Just acquired a 4-acre lot in Southern Virginia. It was recently cleared of a ton of small (roughly 6-foot-tall) pine saplings that look like they were mechanically planted. I am not entirely sure. There were as many as 10 saplings in every single square foot and they were clearly choking each other out. The saplings are gone now, and I am trying to figure out what steps to take to begin restoring the land for gardening, animals, carbon accumulation, food forest, all the permaculture/sustainability life goals. The main issue now is I have 4 acres of pointy ½ inch to 2-inch wide stumps. It is almost impossible to walk the property without tripping on a stump and goring yourself.

What is the best way to begin restoring farmland by removing thousands of ½ inch to 2 inch wide pine stumps?

  • Do you have access to any sort of machinery — like a tractor?
    – Tim
    Oct 23, 2020 at 23:14
  • A friend up the road has a subcompact Kubota. I may have to invest in one myself at some point. Nov 1, 2020 at 16:03

4 Answers 4


If you have a tractor that can drive over them a flail mower should work. If you intend to mow anything on the property it would be worth looking into a flail mower because they're very useful (and can also be used to shred fallen timber and for light brush clearing). We used to have one for the orchard and used it to reduce the debris from trimming shelter belts as well as mowing between rows ("debris" being anything up to 10cm thick, you just mow along the length a few times and then it's woodchips).


The small ones aren't too bad. Conventional rototiller will take care of them. Two inch is pushing what a rototiller can handle. If you are running 10/sq foot there won't be many 2" ones.

This is one of those "20-20 hindsight is wonderful" momemnts. It's a lot easier to remove stumps while attached to the tree.

Method 1: Use a mould board plough. (or mold board plow in the U.S.) Ideally this one will have a large heavy tractor in front of it. Were this my problem I'd want a 50 hp tractor on a 2 by 16" plough.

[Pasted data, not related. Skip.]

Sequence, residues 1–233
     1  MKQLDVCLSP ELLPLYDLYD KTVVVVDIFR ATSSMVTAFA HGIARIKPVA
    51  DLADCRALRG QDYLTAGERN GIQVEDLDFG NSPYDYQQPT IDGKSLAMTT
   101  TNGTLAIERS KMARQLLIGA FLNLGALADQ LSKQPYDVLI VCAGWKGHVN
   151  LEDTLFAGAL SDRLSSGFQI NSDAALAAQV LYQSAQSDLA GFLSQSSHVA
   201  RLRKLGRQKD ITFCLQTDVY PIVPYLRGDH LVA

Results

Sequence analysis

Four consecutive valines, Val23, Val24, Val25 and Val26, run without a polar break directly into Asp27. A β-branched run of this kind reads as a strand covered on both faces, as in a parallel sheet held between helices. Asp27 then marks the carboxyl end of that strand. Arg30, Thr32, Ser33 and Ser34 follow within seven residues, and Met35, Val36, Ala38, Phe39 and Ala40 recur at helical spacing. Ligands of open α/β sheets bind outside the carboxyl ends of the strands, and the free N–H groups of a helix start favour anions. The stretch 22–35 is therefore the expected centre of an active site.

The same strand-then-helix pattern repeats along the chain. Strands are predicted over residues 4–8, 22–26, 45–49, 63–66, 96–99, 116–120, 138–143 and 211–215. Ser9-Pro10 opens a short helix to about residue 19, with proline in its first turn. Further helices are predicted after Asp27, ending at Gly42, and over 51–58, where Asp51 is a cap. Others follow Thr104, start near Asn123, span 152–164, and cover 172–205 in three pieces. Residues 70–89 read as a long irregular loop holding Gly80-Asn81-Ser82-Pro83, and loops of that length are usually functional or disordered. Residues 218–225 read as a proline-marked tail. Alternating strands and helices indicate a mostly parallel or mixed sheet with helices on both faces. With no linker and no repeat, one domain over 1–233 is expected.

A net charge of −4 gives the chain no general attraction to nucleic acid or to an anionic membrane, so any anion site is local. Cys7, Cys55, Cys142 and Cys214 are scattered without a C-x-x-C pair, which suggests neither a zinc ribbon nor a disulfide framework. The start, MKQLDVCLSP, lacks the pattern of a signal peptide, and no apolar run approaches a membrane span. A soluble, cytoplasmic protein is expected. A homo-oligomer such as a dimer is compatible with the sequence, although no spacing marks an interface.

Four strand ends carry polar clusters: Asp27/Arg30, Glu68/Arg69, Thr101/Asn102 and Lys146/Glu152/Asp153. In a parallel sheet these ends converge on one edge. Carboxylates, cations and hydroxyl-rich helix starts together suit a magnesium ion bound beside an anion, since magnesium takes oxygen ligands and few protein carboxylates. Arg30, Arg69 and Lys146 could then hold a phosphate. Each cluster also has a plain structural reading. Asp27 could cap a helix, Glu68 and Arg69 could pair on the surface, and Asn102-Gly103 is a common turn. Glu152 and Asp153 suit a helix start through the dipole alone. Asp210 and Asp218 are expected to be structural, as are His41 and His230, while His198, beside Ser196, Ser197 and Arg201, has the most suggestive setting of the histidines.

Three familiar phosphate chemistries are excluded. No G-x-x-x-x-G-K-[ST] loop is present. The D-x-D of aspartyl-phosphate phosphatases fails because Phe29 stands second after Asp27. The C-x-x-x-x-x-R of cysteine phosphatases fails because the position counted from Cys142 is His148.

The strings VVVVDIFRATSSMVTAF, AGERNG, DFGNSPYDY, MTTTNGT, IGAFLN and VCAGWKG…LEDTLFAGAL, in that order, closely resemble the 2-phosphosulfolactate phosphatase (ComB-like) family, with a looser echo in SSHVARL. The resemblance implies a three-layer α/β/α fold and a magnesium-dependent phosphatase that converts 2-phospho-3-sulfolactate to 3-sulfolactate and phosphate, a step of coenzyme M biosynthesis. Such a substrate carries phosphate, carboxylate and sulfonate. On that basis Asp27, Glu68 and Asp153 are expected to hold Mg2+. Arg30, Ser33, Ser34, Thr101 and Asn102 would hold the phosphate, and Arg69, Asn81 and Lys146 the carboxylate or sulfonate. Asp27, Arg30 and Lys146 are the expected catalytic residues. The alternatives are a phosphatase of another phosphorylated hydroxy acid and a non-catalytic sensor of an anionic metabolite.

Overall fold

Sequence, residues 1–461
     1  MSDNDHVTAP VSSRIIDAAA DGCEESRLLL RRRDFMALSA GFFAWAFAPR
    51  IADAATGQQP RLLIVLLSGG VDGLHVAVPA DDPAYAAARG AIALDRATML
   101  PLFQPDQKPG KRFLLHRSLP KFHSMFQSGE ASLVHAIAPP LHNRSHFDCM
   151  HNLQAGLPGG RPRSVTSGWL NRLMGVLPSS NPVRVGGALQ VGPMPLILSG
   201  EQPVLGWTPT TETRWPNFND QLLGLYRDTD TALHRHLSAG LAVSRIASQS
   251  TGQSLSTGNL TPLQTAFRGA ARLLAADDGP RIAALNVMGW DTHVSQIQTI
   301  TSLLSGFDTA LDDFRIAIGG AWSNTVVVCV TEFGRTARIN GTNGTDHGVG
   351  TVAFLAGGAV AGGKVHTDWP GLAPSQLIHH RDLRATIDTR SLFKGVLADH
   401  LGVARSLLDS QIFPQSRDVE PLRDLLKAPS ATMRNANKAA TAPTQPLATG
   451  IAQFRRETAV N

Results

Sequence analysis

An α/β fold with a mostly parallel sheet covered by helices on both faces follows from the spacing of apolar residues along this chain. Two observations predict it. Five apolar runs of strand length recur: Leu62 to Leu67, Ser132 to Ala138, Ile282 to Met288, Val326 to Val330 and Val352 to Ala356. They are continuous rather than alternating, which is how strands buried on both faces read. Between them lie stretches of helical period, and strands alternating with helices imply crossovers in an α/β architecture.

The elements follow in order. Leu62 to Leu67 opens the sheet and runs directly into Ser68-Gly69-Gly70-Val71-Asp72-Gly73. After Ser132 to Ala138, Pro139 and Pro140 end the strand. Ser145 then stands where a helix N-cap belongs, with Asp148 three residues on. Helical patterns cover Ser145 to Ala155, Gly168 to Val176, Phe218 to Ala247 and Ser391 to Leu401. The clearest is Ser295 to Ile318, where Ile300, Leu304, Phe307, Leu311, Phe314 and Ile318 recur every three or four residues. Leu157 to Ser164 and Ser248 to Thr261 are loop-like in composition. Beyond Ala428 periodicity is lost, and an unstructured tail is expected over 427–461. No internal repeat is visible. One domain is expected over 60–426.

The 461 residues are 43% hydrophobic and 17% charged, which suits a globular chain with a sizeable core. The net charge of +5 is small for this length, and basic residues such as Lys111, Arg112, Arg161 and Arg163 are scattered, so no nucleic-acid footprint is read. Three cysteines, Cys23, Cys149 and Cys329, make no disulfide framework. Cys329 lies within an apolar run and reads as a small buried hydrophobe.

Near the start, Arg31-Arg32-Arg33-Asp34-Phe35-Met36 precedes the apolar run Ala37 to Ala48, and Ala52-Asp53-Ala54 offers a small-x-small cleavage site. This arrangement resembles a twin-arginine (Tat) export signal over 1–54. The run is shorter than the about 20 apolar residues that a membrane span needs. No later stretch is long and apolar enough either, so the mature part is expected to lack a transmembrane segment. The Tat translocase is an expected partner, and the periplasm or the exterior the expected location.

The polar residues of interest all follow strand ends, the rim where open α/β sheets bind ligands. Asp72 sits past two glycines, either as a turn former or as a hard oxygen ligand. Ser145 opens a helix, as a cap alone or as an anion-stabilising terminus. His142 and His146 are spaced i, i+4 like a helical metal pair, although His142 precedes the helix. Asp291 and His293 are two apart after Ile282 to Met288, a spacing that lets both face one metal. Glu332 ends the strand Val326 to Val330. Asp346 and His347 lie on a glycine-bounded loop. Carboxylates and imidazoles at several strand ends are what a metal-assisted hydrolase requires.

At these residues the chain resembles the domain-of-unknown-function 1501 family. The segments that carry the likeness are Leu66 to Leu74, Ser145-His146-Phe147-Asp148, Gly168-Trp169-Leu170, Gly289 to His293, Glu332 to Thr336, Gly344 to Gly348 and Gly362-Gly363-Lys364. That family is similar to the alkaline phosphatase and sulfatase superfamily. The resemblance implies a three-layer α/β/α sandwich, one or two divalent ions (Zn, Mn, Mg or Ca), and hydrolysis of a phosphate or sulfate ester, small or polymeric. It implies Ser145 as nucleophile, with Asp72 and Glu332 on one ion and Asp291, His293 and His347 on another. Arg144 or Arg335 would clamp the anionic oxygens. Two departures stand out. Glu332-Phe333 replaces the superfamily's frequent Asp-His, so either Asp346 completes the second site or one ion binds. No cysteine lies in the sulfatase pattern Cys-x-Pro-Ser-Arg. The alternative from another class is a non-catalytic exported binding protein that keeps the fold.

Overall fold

Now make a second path with an old fashioned potato harvester -- the kind that digs them up and leaves them on the surface. Often cheap at an auction sale. This leaves the roots on the surface of the ground.

Use a landscape rake set at an angle to gather them in windrows, then a second pass to bunch the windrows into burn piles. Burn the piles. Then reprocess the piles and gather the remnants.

Method 2: Buy a 2nd had back hoe. These are great for removing stumps. Pick it up, lay it to one side. Let dry for a week. Pick up, shake off dirt. Stack. Burn. When you're done, sell the back hoe for about what you paid for it. This is what you would need for 3" stumps.

Talk to a local forestry consultant. The forestry guys have some serious equipment for cleaning forest land prepping for the next crop of trees. May be able to hire it done for a thousand bucks an acre.


Nature will take care of them in a year or so . Next time cut closer to the ground. I have several large ( 3 ft. dia +) pine stumps around the house; they take a few years for nature to fix so I let grass grow over them. Upside for me , I also have a number of large hardwood stumps and most are presently full of chantrelle mushrooms ( they do not grow on pine). If you are in a hurry , buy some lever action lopers . They should cut 2 " dia. pine as low as you want. Lopers do not care about running into the soil like a chainsaw.

  • 1
    Reference for stump decay time. I had to look it up because they last decades here in the Great White North. Oct 26, 2020 at 1:37
  • I understand the temperature and moisture make a difference .I am in a warm area , zone 2 ( 2 years ) on the map. I drill holes and pour fertilizer in the big stumps. Oct 27, 2020 at 3:20
  • @KeithMcClary Nice link. Thanks
    – Tim
    Oct 29, 2020 at 2:22

Grind down the stumps. But that's a difficult thing and time consuming. Another is the wet method, drill holes deep in them and pour water and soil mix and high nitrogen fertilizer, cover with a tarp or black trash bag to speed up their decomposition. Last technique, fire.

  • 1
    The OP has 170,000 tiny stumps, LazyReader. Oct 26, 2020 at 1:32

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